Author Kimberly Brubaker Bradley
Publisher: Dial Books, 2015
Brief Plot Summary:
It is war time in 1939 London. Ada and her brother, Jamie, are included in the children's evacuation of the city. They are taken in to live with a rather harsh woman who lives alone in the country. Ada learns and grows - both literally and figuratively - from her experiences in the country, and returns to London a confident young woman.
The War That Saved My Life has many elements of the evaluation criteria set forth by Sylvia Vardell in her book, Children's Literature in Action. Those elements include characters, plot, setting, theme and style.
The main character in The War That Saved My Life is Ada, a young girl in 1939 London. She suffers from a crippled foot and because her mother, Mam, is embarrassed by the handicap, Ada is abused by her mother. Among other things, Ada is never allowed outside of their small accommodations. Vardell states, "The reader should be able to identify with the [characters] . . . and the characters should seem real and believable." (Pg. 208) While modern day American readers are not exhibiting war-time London, they are living in an extremely divisive time, perhaps the most divisive in the nation's history. All around them bombs are falling in the form of 'tweets' and 'posts.' They are living in a world where they can be shot at their very own school. It is likely that modern day readers can also identify on a very personal level with Ada's abuse at the hand of her mother, and the feelings of rejection that young people experience on a regular basis from their peers. Yes, Ada is certainly 'real and believable,' a character which modern readers can definitely identify with.
This book introduces modern youth to the horrors of living in a war without sugarcoating it. According to Vardell, 'History should not be sugar-coated, but be presented accurately in terms that children can understand.' The story teaches about WW2 London, and that children were evacuated to the country to remove them from the paths of the bombs. They were often taken in by strangers and a harsh reality it is that some of those strangers were unkind. Author Kimberly Brubaker Bradley did a remarkable job of teaching the history of the period, without sugar-coating it, yet in a way that makes the story relatable to the young modern reader.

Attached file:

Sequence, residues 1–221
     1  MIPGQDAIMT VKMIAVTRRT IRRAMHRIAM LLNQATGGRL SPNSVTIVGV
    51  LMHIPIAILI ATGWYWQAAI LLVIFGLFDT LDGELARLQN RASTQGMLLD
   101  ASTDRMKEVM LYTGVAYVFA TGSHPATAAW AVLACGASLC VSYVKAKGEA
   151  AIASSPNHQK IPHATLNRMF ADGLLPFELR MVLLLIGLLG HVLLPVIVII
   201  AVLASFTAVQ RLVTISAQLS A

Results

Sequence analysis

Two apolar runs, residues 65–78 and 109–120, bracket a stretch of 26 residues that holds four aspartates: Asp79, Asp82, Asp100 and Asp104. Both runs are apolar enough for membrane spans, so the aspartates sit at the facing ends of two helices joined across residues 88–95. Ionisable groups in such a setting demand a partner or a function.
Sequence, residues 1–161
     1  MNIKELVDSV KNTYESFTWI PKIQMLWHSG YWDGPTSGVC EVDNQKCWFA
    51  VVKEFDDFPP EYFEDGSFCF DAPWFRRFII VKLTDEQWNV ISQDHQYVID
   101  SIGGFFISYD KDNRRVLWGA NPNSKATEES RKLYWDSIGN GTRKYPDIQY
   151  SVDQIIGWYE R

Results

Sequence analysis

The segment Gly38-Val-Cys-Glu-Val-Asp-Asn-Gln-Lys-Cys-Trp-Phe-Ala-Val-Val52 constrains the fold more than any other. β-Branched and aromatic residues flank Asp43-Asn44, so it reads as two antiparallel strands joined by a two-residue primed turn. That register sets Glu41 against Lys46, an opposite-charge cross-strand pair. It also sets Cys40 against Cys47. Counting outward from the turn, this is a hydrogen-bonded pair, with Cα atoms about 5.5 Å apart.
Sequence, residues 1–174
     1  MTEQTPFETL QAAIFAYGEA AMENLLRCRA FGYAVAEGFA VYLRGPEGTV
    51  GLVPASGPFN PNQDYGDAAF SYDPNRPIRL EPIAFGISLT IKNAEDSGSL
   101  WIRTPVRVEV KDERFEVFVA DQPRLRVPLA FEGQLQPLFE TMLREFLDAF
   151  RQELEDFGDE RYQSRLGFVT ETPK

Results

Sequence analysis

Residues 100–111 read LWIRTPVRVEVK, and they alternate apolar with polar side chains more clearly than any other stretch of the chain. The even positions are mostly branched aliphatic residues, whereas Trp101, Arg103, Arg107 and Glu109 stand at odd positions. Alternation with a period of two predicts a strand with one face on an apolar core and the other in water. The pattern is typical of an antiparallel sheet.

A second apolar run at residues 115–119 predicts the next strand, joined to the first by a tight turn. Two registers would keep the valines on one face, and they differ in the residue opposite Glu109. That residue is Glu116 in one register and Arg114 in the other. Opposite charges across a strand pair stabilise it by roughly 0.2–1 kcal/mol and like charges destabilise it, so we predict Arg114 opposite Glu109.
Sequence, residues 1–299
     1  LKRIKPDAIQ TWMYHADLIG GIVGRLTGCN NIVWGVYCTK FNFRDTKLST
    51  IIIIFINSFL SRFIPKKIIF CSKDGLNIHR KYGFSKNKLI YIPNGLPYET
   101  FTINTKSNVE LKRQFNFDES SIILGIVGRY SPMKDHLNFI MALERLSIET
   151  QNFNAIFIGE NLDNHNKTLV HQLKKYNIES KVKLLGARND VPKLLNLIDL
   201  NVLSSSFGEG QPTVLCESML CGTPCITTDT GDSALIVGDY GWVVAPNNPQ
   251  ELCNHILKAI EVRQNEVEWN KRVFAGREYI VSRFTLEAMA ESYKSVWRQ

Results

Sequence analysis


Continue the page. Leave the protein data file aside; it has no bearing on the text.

Vardell says, "time and place should be explicit and vividly described . . . " (Pg. 208) The setting so masterfully described in the War That Saved My life that the reader can almost feel the dampness of London, and feel the anxiety running through the city at that time.
Bradley's them and style of writing "reflects the attitudes, values and morals of the times, but [is] still relevant to today," which Vardell says is important in the theme of historical fiction. Although Ada was living in a time and culture with different morals and values than we have today in America, the reader can still pinpoint some universal principles, such as the importance of the government protecting the children and the abilities of the handicapped.
Kimberly Brubaker Bradley created a quality work of historical fiction when she produced The War That Saved My Life.
"Ignorance and abuse are brought to light, as are the healing powers of care, respect and love.Set against a backdrop of war and sacrifice, Ada’s personal fight for freedom and ultimate triumph are cause for celebration." Kirkus
The Lion the Witch and the Wardrobe - children in wartime London are removed to the country for their own safety; also set in historical England
Alchemy and Meggie Swan - overcoming physical challenges; also set in historial England
- Mark Twain Readers Award 2017
- William Allen White Award 2017
- Newbery Honor Book HONOR 2016
- Odyssey Award 2016
- Schneider Family Book Award 2016
- Winner of the Schneider Family Book Award
- Winner of the Josette Frank Award
- Wall Street Journal Best Children’s Books of 2015
- New York Public Library’s 100 Books for Reading and Sharing
- Chicago Public Library’s Best of the Best Books 2015
- Publishers Weekly Best Books of 2015
- Kirkus Best Books of 2015
- Horn Book Fanfare Book 2015
Vardell, Sylvia M. Children's Literature in Action: a Librarian's Guide. Libraries Unlimited, An Imprint of ABC-CLIO, LLC, 2014.
Book, H. (2018). Reviews of the 2012 Newbery winners. [online] The Horn Book. Available at: https://www.hbook.com/2012/01/choosing-books/reviews/reviews-of-the-2012-newbery-winners/ [Accessed 26 Oct. 2018].